Tuesday, August 25, 2015

"Pathways to understanding...."

"What would happen if we spoke the truth."- Alison Bechdel, author, cartoonist

              Contrary to media reports overheard or nonchalantly glanced at trending on social media this week, Duke University students are not being forced to do anything. As part of the  incoming freshman summer reading program a graphic novel by New York Times best-selling author, Alison Bechdel (photo shown above) was chosen among other literature because it is likely to spark open conversations about life, death and sexuality. Topics that all sincere adult students pursuing higher education should be comfortable contemplating. Fun Home: A Family Tragicomic was first published in 2006 and has since been made into a highly successful Broadway musical. Summer reading is entirely voluntary but Fun Home offers a rich opportunity for discussion, especially about discrimination and human rights. What most people don't understand about the Duke dilemma is how students who haven't read the novel automatically dismiss it as violating their moral beliefs.

 To clarify, in a statement by Michael Schoenfeld, VP for Public Affairs and Government Relations at Duke University  

Like many universities and community, Duke has had a summer reading for many years to give incoming students a shared intellectual experience with other members of the class (you can see the most recent selections at https://studentaffairs.duke.edu/new-students/common-experience).  
The reading is selected by a committee of students, and staff, who then solicit feedback from other members of the Duke community.  Fun Home was ultimately chosen because it is a unique and moving book that transcends genres and explores issues that students are likely to confront.  It is also one of the most celebrated graphic novels of its generation, and the theatrical adaption won the Tony Award for Best Musical, and four others, in 2015.  As we have every year, we were fortunate to have the author join us on campus for a lively discussion of the book during orientation week.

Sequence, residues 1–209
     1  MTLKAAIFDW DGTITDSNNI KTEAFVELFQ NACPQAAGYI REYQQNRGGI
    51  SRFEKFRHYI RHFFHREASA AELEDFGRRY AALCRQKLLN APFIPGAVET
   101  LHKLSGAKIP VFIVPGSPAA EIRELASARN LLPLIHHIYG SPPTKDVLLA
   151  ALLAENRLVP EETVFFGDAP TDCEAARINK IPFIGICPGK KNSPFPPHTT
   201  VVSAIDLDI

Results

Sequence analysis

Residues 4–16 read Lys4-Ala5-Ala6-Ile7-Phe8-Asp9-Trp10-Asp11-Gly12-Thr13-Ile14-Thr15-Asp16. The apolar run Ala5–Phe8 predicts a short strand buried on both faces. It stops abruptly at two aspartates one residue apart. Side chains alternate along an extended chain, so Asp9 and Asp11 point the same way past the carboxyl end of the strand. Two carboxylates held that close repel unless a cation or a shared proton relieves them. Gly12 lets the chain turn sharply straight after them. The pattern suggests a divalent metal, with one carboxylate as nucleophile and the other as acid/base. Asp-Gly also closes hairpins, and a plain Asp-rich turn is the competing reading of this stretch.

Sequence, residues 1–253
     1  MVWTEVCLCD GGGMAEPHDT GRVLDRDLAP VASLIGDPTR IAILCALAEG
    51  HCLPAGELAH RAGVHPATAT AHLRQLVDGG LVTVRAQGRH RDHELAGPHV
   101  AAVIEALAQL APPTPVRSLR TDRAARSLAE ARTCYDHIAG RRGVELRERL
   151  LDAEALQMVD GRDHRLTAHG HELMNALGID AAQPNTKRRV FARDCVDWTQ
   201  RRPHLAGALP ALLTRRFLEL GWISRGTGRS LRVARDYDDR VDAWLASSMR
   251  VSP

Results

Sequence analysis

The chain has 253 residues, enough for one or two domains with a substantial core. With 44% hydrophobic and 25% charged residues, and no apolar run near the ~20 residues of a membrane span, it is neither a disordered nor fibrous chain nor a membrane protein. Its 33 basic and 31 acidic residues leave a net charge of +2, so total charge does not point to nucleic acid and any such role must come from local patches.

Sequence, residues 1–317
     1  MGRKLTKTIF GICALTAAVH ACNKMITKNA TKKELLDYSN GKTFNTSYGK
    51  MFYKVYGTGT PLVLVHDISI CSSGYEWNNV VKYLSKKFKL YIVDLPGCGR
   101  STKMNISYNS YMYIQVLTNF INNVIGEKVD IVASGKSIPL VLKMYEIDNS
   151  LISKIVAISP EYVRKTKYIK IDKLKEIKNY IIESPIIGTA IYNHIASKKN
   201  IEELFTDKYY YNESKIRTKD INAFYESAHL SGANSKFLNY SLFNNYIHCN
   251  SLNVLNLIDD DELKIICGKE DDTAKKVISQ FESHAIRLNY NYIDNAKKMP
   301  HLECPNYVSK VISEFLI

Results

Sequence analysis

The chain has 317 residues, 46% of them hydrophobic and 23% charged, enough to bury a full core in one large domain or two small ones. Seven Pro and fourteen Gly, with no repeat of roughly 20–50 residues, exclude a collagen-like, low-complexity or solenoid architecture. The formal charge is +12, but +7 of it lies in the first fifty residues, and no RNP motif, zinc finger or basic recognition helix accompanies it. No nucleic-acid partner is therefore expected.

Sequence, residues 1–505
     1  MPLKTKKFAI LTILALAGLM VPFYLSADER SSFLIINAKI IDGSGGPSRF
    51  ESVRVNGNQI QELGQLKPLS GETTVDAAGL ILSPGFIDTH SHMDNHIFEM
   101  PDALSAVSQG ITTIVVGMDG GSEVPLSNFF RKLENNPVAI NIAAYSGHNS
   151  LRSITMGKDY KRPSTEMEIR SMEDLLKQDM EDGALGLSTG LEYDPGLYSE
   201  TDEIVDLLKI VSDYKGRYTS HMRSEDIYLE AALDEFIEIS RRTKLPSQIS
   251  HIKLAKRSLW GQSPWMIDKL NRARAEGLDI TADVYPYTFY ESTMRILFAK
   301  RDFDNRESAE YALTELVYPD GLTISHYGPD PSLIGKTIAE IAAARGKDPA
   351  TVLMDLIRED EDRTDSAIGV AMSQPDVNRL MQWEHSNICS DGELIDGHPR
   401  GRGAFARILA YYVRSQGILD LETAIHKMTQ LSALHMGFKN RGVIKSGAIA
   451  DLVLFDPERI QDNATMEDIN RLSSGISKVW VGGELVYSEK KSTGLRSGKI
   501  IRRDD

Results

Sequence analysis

The summer reading is entirely voluntary — it is not a requirement, nor is there a grade or record of any student’s participation.  With a class of 1,750 new students from around the world, it would be impossible to find a single book that that did not challenge someone’s way of thinking.  We understand and respect that, but also hope that students will begin their time at Duke with open minds and a willingness to explore new ideas, whether they agree with them or not. 

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